Someone shared an interesting infographic with me recently about how to raise smart kids. I wanted to post it here not because I believe there is a “formula” for turning kids into geniuses, but because I think it’s a good conversation starter.
As an occupational therapist, I like that it addresses the fact that there are certain childhood occupations (i.e., meaningful activities that kids engage in) that can enhance brain function and learning. Conversely, it also demonstrates how other childhood occupations can negatively impact development.
But the most interesting fact presented in this graphic is the final one.
Check it out:
Isn’t that interesting? I know from experience that this is true — many kids I’ve known who are smart and “know it” do not possess the same work ethic or adaptive skills (such as dealing with failure) as those who are also smart but rely on their work ethic to help them succeed.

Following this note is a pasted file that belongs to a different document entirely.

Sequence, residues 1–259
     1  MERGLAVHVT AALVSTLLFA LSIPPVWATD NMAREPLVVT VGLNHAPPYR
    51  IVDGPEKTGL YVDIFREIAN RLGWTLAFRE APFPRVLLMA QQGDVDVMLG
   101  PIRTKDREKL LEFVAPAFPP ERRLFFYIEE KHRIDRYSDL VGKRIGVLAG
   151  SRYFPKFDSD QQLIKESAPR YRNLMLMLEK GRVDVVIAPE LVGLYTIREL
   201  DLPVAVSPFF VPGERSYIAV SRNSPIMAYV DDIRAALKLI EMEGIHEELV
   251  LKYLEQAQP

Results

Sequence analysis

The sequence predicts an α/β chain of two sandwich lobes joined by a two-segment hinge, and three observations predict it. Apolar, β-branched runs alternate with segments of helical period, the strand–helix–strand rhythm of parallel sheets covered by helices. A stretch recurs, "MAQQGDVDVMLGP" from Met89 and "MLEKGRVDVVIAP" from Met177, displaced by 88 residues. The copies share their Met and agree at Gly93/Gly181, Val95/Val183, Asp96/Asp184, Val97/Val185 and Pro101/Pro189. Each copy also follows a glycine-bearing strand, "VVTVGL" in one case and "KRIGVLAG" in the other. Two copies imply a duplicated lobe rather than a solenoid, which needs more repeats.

This was especially true in my career as both a competitive gymnast and gymnastics coach. More often than not, the gymnasts who were praised for their immense talent from an early age (like the “smart kids” group) were more likely to drop out of the sport or become extra lazy and whiney when it got “hard” than those who were known for their good work ethic (like the “praised for their effort” group). The gymnasts who had less talent (even if they were really good gymnasts) but a better work ethic were more able to successfully overcome adversity – such as injuries or poor scores – and ultimately step up to the challenges of the higher levels. I saw it in the beginner levels. I saw it in the higher levels. I saw it in the college ranks. And I saw it as a coach.
What do you think about this? Have you ever seen this play out in real life?
(This infographic was produced by OnlinePsychologyDegree.net)
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